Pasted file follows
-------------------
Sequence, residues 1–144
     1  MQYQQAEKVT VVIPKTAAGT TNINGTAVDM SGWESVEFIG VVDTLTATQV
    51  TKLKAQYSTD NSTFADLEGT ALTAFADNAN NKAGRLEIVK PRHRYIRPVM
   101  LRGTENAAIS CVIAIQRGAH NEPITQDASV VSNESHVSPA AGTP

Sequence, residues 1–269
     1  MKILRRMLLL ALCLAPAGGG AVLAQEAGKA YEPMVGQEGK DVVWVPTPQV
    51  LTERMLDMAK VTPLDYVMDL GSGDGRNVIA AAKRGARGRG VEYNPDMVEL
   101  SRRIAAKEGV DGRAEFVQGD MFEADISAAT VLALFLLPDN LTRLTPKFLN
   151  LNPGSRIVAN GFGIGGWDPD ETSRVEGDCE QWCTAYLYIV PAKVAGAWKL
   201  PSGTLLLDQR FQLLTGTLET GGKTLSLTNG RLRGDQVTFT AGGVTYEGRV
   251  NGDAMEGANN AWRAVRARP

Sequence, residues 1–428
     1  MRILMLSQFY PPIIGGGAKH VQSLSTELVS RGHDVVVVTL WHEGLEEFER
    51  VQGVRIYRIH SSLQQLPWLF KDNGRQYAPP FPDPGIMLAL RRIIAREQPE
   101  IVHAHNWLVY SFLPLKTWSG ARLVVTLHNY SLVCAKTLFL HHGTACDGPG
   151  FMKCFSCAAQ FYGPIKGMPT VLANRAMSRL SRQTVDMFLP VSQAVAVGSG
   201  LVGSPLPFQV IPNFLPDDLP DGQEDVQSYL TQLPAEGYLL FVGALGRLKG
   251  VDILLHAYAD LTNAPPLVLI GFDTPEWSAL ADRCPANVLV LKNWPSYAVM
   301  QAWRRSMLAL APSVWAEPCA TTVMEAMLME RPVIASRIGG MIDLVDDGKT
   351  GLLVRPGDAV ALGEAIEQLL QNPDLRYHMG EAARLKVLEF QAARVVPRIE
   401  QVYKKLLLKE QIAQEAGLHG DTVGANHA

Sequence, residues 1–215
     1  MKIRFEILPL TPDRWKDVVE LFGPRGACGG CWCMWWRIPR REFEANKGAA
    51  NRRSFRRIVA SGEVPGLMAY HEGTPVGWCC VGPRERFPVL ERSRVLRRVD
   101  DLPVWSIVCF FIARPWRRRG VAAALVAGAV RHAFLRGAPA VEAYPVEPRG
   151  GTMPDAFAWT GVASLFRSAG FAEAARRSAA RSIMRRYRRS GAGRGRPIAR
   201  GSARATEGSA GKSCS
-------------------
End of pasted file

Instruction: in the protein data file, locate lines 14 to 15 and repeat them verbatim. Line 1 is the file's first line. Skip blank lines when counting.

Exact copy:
    51  VQGVRIYRIH SSLQQLPWLF KDNGRQYAPP FPDPGIMLAL RRIIAREQPE
   101  IVHAHNWLVY SFLPLKTWSG ARLVVTLHNY SLVCAKTLFL HHGTACDGPG